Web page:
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Tensions rise along Turkey-Syria border

Outpost along Turkey-Syria border.

ANKARA – Turkish President Abdullah Gul said yesterday the “worst-case scenarios” were now playing out in Syria and Turkey would do everything necessary to protect itself, as its army fired back for a sixth day after a shell from Syria flew over the border.

Gul said the violence in Turkey’s southern neighbour, where a revolt against President Bashar al-Assad has evolved into a civil war that threatens to draw in regional powers, could not go on indefinitely and Assad’s fall was inevitable.

Worst-case scenario

“The worst-case scenarios are taking place right now in Syria… Our government is in constant consultation with the Turkish military. Whatever is needed is being done immediately as you see, and it will continue to be done,” Gul said.

“There will be a change, a transition sooner or later… It is a must for the international community to take effective action before Syria turns into a bigger wreck and further blood is shed, that is our main wish,” he told reporters in Ankara.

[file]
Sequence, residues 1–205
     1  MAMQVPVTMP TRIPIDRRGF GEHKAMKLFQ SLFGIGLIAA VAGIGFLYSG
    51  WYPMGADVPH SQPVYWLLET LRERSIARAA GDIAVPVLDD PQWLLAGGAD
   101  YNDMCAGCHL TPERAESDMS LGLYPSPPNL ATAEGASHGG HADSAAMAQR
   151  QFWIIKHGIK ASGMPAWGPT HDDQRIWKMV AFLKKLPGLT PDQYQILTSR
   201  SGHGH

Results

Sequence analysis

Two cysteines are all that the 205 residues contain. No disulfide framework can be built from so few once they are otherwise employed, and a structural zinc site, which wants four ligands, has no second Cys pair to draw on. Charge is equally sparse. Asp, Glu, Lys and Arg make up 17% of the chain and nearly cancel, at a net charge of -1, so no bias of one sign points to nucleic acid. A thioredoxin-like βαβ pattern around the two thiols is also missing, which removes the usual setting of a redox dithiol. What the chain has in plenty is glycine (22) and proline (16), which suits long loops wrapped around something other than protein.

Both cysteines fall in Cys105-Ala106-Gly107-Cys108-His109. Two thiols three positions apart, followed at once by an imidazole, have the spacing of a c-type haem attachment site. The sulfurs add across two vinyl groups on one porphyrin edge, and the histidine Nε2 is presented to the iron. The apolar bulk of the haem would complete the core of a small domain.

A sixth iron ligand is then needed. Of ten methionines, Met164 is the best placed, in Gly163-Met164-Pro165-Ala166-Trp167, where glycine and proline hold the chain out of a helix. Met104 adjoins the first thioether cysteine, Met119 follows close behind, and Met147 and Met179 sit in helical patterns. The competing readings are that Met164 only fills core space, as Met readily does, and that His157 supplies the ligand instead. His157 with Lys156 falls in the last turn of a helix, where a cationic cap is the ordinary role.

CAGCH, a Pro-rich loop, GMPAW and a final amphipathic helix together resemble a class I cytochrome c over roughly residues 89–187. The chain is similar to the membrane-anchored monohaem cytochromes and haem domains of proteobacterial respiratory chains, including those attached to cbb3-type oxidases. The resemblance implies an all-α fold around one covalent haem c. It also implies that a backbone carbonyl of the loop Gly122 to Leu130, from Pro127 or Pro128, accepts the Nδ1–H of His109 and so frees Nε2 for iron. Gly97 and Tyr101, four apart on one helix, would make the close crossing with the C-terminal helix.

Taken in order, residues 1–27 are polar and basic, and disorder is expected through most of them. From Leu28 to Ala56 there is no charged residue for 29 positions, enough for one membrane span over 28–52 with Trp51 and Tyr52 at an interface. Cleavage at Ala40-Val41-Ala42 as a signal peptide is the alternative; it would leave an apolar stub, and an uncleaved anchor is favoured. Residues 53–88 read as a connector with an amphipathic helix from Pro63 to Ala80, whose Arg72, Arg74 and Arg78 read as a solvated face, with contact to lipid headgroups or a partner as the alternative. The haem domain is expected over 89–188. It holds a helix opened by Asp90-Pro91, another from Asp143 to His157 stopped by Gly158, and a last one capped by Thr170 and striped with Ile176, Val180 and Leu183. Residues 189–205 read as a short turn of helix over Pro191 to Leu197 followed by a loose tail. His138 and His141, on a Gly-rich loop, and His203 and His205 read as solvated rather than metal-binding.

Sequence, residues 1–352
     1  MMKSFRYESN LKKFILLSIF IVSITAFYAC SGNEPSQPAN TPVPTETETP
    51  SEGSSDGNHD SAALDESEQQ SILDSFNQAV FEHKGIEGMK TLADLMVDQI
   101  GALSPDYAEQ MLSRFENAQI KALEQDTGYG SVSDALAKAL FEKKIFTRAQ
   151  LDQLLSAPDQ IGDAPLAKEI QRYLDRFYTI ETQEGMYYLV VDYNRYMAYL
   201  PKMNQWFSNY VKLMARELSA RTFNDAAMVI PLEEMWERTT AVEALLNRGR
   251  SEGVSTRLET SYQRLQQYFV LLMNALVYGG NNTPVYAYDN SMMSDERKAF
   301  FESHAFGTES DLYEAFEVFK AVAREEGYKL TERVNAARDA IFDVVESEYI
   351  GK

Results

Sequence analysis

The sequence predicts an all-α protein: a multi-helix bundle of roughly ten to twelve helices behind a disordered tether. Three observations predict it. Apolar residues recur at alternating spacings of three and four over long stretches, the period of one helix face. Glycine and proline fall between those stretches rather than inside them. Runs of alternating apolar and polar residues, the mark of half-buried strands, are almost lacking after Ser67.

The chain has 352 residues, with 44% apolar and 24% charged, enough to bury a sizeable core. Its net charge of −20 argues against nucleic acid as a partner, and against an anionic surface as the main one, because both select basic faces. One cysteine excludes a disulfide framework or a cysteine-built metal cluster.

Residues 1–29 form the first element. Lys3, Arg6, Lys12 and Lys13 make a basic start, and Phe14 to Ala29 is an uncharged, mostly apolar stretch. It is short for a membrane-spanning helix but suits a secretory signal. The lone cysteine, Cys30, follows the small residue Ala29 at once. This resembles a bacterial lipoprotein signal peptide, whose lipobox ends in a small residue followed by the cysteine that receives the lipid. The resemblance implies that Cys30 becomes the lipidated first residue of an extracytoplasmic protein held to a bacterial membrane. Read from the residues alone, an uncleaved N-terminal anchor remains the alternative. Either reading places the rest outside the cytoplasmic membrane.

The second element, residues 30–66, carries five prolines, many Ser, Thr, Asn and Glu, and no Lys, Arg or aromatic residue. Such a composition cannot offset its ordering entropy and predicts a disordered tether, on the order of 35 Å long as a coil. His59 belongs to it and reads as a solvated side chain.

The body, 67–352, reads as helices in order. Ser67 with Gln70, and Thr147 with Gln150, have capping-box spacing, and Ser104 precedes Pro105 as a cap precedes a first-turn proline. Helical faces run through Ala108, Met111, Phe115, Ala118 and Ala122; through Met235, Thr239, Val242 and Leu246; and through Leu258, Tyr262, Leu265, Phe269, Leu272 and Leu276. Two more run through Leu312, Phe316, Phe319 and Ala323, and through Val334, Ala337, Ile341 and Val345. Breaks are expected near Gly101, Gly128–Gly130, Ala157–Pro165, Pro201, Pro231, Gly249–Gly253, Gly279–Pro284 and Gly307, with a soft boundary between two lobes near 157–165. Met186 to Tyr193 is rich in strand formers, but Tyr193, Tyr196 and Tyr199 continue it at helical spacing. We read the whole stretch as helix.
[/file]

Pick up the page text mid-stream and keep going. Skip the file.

Turkey’s armed forces have bolstered their presence along the 900-kilometre border with Syria in recent days and have been responding in kind to gunfire and shelling spilling across from the south, where Assad’s forces have been battling rebels who control swathes of territory.

Turkey’s Chief of Staff, General Necdet Ozel, travelled to the southern city of Adana to inspect the region patrolled by Turkey’s 2nd Army, which protects the border with Syria, the military said on its website.

‘Extremely dangerous’

UN Secretary-General Ban Ki-moon said the escalation of the conflict along the Turkey-Syria border, as well as the impact of the crisis on Lebanon, were “extremely dangerous”.

“The situation in Syria has dramatically worsened. It is posing serious risks to the stability of Syria’s neighbours and the entire region,” he told a conference in Strasbourg, France. (Reuters)

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